A Petal in a Cup
fiction, Mar. 2019
Every spring, I remember my grandfather who liked to see cherry blossoms. He lived his life as a good craftsman in a local factory and was known as a man with a good temper and spirit.
When cherry blossoms bloomed, my grandfather always enthusiastically said “Let’s go to see cherry blossoms!”, and invited his family members and neighbors to the viewing party.
At the cherry blossom viewing party, my grandmother and mother worked hard and prepared huge lunch boxes: Inarizushi (sushi wrapped in fried tofu), Chikuzen-ni (chicken stew with vegetables), Japanese omelet and fried chicken.
With such delicious lunch boxes, I attended my grandfather’s party every year since I was little.
The most impressive cherry blossom viewing party was the one when I graduated from college and started to work for a local company. My grandfather and I drank sake (Japanese alcohol) together.
“Machiko, congratulations! I’m happy too.”
My grandfather told me this as he poured sake into my lacquered cup.
“Thank you, Grandpa,” I said so as I put my mouth to the cup. At that time, one cherry blossom petal was falling down and floated on the cup.
The lacquered cup was the genuine Wajima-lacquered one, which my mother brought from her home in Wajima City, in Ishikawa prefecture, when she got married.
The outside was painted in red and the inside was in black. The contrast of the black color of the cup and the pale pink of the petal in clear sake was very beautiful.
“Machiko, it’s a sigh of a good fortune! Just drink it with the petal.”
“Wow, with the petal?”
I was a little confused by his word and laughed at it, but other family members also recommended me to drink it, so I tried, though I didn’t taste the cherry blossom very well.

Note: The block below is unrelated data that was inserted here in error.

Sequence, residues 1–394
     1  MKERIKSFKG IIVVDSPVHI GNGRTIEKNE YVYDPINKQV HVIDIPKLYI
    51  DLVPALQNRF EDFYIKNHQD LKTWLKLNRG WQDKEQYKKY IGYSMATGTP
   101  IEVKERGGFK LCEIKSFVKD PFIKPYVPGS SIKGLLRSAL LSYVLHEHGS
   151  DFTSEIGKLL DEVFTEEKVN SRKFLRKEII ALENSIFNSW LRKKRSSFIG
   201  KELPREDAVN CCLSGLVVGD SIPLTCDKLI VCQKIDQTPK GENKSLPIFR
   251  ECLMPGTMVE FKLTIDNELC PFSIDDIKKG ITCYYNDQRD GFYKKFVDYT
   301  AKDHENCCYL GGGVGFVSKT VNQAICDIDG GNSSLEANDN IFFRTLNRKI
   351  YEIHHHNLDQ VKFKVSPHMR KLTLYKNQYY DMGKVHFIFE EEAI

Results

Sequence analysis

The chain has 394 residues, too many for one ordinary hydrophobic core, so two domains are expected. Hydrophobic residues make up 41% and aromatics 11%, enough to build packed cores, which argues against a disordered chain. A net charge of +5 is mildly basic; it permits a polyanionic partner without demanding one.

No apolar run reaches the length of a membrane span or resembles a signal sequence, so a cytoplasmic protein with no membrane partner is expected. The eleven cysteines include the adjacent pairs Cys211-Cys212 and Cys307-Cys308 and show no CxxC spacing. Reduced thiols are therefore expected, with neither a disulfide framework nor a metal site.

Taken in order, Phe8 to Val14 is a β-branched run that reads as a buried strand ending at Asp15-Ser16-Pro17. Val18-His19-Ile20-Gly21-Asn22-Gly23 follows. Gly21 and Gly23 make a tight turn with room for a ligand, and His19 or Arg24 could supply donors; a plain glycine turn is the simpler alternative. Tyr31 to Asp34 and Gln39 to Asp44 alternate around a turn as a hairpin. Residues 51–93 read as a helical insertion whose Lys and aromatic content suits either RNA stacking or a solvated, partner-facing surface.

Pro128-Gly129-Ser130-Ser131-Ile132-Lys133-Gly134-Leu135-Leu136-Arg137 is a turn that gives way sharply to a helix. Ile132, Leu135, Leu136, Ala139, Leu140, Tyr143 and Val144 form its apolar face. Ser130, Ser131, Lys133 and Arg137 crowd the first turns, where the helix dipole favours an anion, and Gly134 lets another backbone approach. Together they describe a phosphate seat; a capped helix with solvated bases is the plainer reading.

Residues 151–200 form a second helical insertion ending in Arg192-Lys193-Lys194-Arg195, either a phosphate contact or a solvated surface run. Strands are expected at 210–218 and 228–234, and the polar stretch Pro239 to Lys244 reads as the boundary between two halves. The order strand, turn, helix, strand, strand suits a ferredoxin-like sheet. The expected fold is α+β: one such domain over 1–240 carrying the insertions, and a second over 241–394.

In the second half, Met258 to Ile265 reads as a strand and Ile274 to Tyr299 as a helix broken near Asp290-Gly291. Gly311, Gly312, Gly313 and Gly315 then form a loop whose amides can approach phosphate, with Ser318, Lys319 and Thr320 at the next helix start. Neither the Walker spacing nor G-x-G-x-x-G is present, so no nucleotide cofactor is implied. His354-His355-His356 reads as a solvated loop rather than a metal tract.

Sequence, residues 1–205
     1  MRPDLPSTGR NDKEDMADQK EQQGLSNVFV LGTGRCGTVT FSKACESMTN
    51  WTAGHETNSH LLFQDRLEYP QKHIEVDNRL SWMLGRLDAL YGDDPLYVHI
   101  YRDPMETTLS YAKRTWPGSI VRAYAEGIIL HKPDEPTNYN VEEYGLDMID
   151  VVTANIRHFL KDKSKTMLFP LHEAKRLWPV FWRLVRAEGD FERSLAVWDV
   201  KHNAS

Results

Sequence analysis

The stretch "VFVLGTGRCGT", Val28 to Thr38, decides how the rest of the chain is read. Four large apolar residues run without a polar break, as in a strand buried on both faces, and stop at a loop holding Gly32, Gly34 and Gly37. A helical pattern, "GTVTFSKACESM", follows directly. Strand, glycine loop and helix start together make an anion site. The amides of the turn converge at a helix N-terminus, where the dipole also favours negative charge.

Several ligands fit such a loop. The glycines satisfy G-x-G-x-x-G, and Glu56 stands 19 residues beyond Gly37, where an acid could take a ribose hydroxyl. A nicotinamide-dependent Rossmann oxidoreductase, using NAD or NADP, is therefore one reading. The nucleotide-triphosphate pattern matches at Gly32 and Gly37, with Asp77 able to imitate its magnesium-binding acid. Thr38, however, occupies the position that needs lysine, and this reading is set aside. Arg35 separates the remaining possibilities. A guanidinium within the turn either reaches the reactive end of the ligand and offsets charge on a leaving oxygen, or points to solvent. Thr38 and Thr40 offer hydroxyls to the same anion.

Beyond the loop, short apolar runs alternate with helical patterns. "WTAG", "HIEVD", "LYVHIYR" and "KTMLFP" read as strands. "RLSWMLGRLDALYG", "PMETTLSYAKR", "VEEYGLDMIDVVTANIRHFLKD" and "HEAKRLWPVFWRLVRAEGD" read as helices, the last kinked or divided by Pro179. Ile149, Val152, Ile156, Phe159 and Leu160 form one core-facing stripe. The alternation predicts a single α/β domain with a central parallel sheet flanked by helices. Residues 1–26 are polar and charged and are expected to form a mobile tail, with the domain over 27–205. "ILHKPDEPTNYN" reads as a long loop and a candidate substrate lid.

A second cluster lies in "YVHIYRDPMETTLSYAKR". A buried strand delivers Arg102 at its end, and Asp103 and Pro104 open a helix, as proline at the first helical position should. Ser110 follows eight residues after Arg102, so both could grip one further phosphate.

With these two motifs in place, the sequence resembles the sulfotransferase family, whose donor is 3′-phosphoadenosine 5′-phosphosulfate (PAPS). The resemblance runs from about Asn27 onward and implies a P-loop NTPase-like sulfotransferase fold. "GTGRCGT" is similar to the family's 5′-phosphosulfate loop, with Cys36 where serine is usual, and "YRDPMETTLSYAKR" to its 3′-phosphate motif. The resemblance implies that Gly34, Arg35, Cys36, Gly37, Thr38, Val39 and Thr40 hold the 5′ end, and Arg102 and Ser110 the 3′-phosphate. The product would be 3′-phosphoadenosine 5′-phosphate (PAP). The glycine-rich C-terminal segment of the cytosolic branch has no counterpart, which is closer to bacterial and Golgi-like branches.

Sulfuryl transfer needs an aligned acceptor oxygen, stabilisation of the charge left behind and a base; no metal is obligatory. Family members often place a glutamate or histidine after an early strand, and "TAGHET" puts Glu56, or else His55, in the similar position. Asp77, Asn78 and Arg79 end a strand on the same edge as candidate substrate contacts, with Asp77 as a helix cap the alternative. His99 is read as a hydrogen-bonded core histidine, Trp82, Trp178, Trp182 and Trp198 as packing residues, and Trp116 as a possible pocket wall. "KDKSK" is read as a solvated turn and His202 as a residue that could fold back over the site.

Maybe he was relieved at me getting a good job. After I started to work, my grandfather’s health was getting worse and worse, and two years later he passed away.
The company, for which I worked, was a good company so my grandfather was relieved; my colleagues were all good to me, and I also married one of them after eight years.
After we got married, we moved to a new house. However, it was only recently that I noticed I could see a cherry blossom tree in the garden next to my house.
From then, my husband and I sometimes put out a table and a chair on the veranda and watch the cherry blossoms while enjoying sake in the evening.
Although it’s not like a big party I had with my grandfather and other family members years ago, I still think the current evening viewing party is also very special, because it’s as if the cherry blossoms in the garden bloom only for the two of us.
Each time I talk about my grandfather, my husband says warmly, “Well, you seem you’ve always been a Grandpa’s little girl”.
The spring wind scatters cherry blossom petals. I always think about a petal jumping into my cup, which happened when I drank with my grandfather, but it seems it rarely happens.
I put the last piece of fried cheese in my mouth, which we prepared as a snack to go with the sake, and I breathed the smell of the spring night deeply into my chest.
Writer(Essay&short stories) / Studied Japanese literature at Sophia University, Tokyo. Grown Up in Wajima, Ishikawa and now lives in Toyama.
I like writing&cooking. I like tiny corners of everyday life in a north western Japanese local city, which I like to put into words that feel cozy for you.